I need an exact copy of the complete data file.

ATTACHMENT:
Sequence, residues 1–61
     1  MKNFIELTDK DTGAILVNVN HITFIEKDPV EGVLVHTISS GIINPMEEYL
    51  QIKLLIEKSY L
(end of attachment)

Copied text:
Sequence, residues 1–61
     1  MKNFIELTDK DTGAILVNVN HITFIEKDPV EGVLVHTISS GIINPMEEYL
    51  QIKLLIEKSY L